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Some Hosts Who Ignored Or Deleted Email About Airbnb IPO Missed Out On $15000 – NPR

Brian Chesky, CEO of Airbnb, is shown on an electronic screen at the Nasdaq MarketSite, on Dec. 10.

Mark Lennihan/AP


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Mark Lennihan/AP

The email began, “Hosts like you are a foundation of our company.” Tom Krones, an Airbnb host based in Austin, swiftly discarded it. That was Nov. 16.

Now, Krones says, “I am totally kicking myself.”

Since Airbnb made its public debut Thursday on the stock market, shattering expectations and doubling its offering price, regrets are piling up among hosts like Krones, who received the email last month with the subject line “Airbnb’s Directed Share Program.”

It landed in the virtual trash heap of scores of hosts who figured it was inconsequential. Others, like Krones, procrastinated the decision that could have made them thousands of dollars richer in a matter of hours.

“You know I should probably buy a couple shares just for fun,” Krones, a software engineer, remembers thinking at the time he read it. “But part of me was just like, ‘aw, I’ll do it later.'”

As is often the case, later came and went — until it became too late.

Austin-based Airbnb host Tom Krones pushed off the decision to buy stock in Airbnb until it was too late. He joins scores of other hosts who are now regretting a decision that could have made them thousands of dollars richer.

Provided by Tom Krones


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Provided by Tom Krones

Austin-based Airbnb host Tom Krones pushed off the decision to buy stock in Airbnb until it was too late. He joins scores of other hosts who are now regretting a decision that could have made them thousands of dollars richer.

Provided by Tom Krones

In Galveston, Tex., Airbnb host Sharon Milner Honza said she was interested to buy stocks, though the email did not seem urgent at the time.

“I got one email and of course it was buried in tons of junk emails. I didn’t know it was there until after the fact,” Milner Honza said.

Sara Shea, who lives in Asheville, North Carolina, is a single mom with toddlers in preschool, a busy life in normal times and even more crushing amid a pandemic. It was not surprising, then, that the email zipped right by her, she said.

“I neglected to ever read the email in detail until the deadline had passed. I suspect they would approve me. And I would have made an investment in shares,” said Shea, who uses the income she makes as an Airbnb host to supplement her marketing job. “But I’ll consider it just another bowling pin that got knocked down by all of this.”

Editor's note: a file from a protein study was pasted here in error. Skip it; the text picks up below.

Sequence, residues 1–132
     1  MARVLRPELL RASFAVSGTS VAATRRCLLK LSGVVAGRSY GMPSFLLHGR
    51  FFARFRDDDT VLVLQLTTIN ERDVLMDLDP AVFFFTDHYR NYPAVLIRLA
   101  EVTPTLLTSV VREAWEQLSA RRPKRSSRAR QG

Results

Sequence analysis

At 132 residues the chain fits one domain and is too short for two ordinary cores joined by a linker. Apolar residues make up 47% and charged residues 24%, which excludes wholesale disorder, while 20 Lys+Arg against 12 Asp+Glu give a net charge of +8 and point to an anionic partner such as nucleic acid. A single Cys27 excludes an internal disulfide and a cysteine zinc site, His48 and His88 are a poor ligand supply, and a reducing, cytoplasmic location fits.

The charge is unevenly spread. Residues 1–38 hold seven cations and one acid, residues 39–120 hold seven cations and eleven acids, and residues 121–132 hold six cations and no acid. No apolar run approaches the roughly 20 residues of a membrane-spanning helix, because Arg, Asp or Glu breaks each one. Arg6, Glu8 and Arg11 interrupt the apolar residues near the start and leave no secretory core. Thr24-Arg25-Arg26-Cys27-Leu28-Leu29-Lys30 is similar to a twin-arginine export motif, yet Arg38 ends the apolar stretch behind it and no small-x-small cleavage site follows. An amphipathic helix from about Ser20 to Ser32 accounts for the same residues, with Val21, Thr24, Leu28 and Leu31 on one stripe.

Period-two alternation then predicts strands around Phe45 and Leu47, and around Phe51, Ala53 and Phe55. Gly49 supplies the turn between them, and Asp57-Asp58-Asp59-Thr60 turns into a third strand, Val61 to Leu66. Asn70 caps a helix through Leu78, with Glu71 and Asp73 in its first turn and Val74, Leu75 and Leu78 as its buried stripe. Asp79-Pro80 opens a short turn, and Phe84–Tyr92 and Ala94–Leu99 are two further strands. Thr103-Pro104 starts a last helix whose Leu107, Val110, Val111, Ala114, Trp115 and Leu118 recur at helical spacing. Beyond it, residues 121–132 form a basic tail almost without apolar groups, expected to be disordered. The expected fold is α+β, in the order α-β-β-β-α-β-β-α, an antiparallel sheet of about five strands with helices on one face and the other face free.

Plenty of hosts did not mistake the opportunity. Thousands received the invitation to by stock ahead of the initial public offering. The amount of shares each could buy depended on how long they had been Airbnb hosts. They had four days to respond.

Originally, Airbnb said the maximum amount of shares a host could buy was 275. Demand was so strong, however, that the company lowered the ceiling to 200 shares.

Airbnb host Jino Cabrera in Los Angeles did not waste any time after he was given the greenlight to purchase 200 shares. He bought all of them.

“Stocks are not my world at all. I haven’t ever bought a single stock in my life,” said Cabrera, who works in real estate. “My partner was kind of mad at me a little bit. He was like, ‘how are we going to be able to pay for that?’ And I said, ‘We’ll find ways, don’t worry about it.'”

It was a bet that paid off handsomely. When the stock price skyrocketed, Cabrera sold all of his shares at $144 apiece. He made nearly $15,000.

Airbnb host Jino Cabrera, left, and his partner, Scott Carnwath, on their way to Las Vegas after making nearly $15,000 from Airbnb’s public stock market debut.

Courtesy of Jino Cabrera


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Airbnb host Jino Cabrera, left, and his partner, Scott Carnwath, on their way to Las Vegas after making nearly $15,000 from Airbnb’s public stock market debut.

Courtesy of Jino Cabrera

“It was overwhelming. I was blown away,” said Cabrera. He is now celebrating in Las Vegas with his partner, an interior decorator.

On Thursday, Airbnb co-founder Brian Chesky was left gobsmacked, literally unable to find any words when he was told by an anchor on Bloomberg that his company’s price more than doubled ahead of trading.

To Krones, Chesky’s astonishment provided him a bit of relief.

“It makes me feel a little bit better about the whole thing, seeing his face and being like, OK, if he didn’t know, then I can’t be expected to know either,'” Krones said.

Of course, it is cold comfort, Krones said, since he is not a dollar richer today than he was before the IPO.

The same cannot be said about Chesky, whose net worth after Airbnb went public went up about $7 billion, according to Bloomberg’s Billionaires Index.

Airbnb declined to comment for this story.

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